Politics & Government

Justice's criminal division gets a new chief

WASHINGTON — A Justice Department lawyer who became entangled in the scandal over the firings of nine U.S. attorneys last year is being nominated to take over the department's criminal division.

President Bush announced his intention Thursday to nominate Matthew Friedrich to replace Assistant Attorney General Alice S. Fisher, who voluntarily steps down Friday.

Friedrich, 41, will serve as the acting assistant attorney general until he wins Senate confirmation.

Friedrich, a counselor to Attorney General Michael Mukasey, received an award for exceptional service in 2006 as one of the prosecutors who worked on the department's task force that investigated the collapse of the energy giant Enron. Before working in Washington, he was a prosecutor in Virginia and Texas for 10 years.

"Mr. Friedrich is a well-respected career federal prosecutor," White House spokeswoman Emily Lawrimore said. "The President believes he will do a wonderful job."

Friedrich also is known for his testimony related to the firing of nine U.S. attorneys. In May 2007, he told congressional investigators about a White House request to review a 27-page GOP memo detailing alleged Democratic voter fraud in Wisconsin.

Kyle Sampson, who later resigned as then-Attorney General Alberto Gonzales' chief of staff because of his role in the firings, asked Friedrich to look into the allegations.

Sampson testified that he'd received the memo and other voter fraud complaints about New Mexico and Pennsylvania elections from the office of then-presidential adviser Karl Rove.

Democrats and two of the fired Republican-appointed U.S. attorneys accused the administration of trying to pressure Justice Department lawyers to bring voter fraud allegations to help the GOP in swing states.

Friedrich acknowledged discussing voter fraud allegations with a lawyer in the criminal division, shortly after leaving the division to become one of Gonzales' aides. Friedrich, however, said he decided it would be wrong to open a formal inquiry into the allegations so close to the election.

Friedrich, who is married to a former White House associate counsel, also told Congress that New Mexico GOP activists complained to him that then-U.S. Attorney David Iglesias was not doing enough to prosecute local Democrats for corruption. By then, administration officials had secretly decided to fire Iglesias. Friedrich's wife, Dabney, exchanged e-mails with Justice Department officials about the decision to fire Iglesias and the other prosecutors.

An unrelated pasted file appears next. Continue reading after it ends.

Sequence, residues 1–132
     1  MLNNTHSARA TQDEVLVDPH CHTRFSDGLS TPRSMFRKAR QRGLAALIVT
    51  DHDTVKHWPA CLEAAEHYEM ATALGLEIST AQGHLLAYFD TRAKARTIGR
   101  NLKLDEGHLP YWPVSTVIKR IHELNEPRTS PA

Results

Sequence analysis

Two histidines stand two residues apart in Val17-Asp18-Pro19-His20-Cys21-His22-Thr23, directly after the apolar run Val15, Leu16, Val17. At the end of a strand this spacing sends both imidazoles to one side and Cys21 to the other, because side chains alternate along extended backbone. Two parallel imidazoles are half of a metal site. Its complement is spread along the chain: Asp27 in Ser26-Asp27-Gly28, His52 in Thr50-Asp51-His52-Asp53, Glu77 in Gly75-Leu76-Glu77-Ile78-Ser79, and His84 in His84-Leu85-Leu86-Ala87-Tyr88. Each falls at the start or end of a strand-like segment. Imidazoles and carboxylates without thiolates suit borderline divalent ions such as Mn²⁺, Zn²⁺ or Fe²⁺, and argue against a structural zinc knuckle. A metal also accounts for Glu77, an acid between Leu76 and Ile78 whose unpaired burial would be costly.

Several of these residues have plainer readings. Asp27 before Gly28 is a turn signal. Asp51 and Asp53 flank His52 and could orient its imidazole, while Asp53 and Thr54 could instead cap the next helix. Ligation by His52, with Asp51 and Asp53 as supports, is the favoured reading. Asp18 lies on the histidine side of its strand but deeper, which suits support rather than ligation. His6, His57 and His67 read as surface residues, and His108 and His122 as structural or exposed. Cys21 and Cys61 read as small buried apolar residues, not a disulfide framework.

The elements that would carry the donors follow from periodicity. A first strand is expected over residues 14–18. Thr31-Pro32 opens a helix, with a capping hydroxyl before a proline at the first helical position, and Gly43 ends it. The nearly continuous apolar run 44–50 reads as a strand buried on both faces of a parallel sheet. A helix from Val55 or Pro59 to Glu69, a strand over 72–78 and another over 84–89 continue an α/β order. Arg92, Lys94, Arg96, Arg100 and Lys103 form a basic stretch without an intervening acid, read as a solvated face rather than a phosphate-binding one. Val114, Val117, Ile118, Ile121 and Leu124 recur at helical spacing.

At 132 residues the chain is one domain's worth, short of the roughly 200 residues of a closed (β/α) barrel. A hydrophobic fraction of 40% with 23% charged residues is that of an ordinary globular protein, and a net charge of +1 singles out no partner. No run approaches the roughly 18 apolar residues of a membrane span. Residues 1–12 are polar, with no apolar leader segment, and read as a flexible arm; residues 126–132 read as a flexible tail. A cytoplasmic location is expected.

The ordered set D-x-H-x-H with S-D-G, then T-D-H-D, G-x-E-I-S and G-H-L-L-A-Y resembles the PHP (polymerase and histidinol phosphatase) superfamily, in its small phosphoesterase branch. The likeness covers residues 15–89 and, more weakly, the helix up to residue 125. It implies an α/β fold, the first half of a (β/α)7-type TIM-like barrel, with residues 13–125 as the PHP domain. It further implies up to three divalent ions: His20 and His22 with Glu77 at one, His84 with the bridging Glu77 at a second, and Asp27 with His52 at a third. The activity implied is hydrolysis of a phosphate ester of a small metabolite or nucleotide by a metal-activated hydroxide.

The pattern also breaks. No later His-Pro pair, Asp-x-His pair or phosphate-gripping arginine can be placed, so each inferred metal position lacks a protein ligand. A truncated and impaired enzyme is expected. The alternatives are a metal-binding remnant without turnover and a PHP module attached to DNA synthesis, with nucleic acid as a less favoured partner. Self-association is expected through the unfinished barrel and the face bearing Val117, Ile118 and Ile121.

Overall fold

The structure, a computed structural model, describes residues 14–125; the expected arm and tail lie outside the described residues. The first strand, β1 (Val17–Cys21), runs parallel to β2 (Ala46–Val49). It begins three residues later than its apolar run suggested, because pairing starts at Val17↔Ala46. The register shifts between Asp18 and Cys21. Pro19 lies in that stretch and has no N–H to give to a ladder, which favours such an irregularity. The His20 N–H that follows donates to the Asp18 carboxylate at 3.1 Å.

Sam Buell, one of the former lead prosecutors in the Enron case, said he didn't believe Friedrich would allow himself to be swayed by political interests. Buell said his former colleague had been shaped by "his love for the Justice Department and a ton of ground-level prosecution experience."

"His institutional loyalty comes before his party loyalty," Buell said.

Brian Roehrkasse, a Justice Department spokesman, noted that Friedrich won praise from Democratic Sen. Chuck Schumer during a hearing last year on the U.S. attorney firings. Schumer described Friedrich as "very well respected."

Nonetheless, several Justice Department career attorneys, who wouldn't speak publicly because of Friedrich's position at the department, expressed concern about the appointment because of Friedrich's political ties and the sensitive nature of some of the ongoing criminal cases.

Fisher was praised for her management of several high-profile criminal investigations, including the prosecution of super-lobbyist Jack Abramoff. So far, the Justice Department has won 12 convictions, including of a congressman and a former high-ranking Justice Department official.

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